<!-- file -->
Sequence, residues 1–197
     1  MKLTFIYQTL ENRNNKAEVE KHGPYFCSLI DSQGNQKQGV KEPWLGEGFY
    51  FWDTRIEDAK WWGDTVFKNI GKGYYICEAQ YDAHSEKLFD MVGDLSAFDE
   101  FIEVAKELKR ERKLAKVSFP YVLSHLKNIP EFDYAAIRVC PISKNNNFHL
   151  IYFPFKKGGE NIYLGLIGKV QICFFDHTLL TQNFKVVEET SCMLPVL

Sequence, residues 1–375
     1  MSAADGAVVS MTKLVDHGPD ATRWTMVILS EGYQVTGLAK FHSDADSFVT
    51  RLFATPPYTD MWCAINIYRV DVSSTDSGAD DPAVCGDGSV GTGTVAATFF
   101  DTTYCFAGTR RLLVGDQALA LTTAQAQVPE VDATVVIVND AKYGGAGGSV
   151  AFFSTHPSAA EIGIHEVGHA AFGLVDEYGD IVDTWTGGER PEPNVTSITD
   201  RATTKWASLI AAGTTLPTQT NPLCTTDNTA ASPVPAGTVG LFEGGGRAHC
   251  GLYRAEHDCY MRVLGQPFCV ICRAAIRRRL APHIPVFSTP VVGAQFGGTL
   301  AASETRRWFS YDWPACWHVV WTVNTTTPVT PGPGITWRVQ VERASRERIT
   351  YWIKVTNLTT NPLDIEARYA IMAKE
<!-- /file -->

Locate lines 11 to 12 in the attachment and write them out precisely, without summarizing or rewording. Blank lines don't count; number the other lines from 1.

   201  RATTKWASLI AAGTTLPTQT NPLCTTDNTA ASPVPAGTVG LFEGGGRAHC
   251  GLYRAEHDCY MRVLGQPFCV ICRAAIRRRL APHIPVFSTP VVGAQFGGTL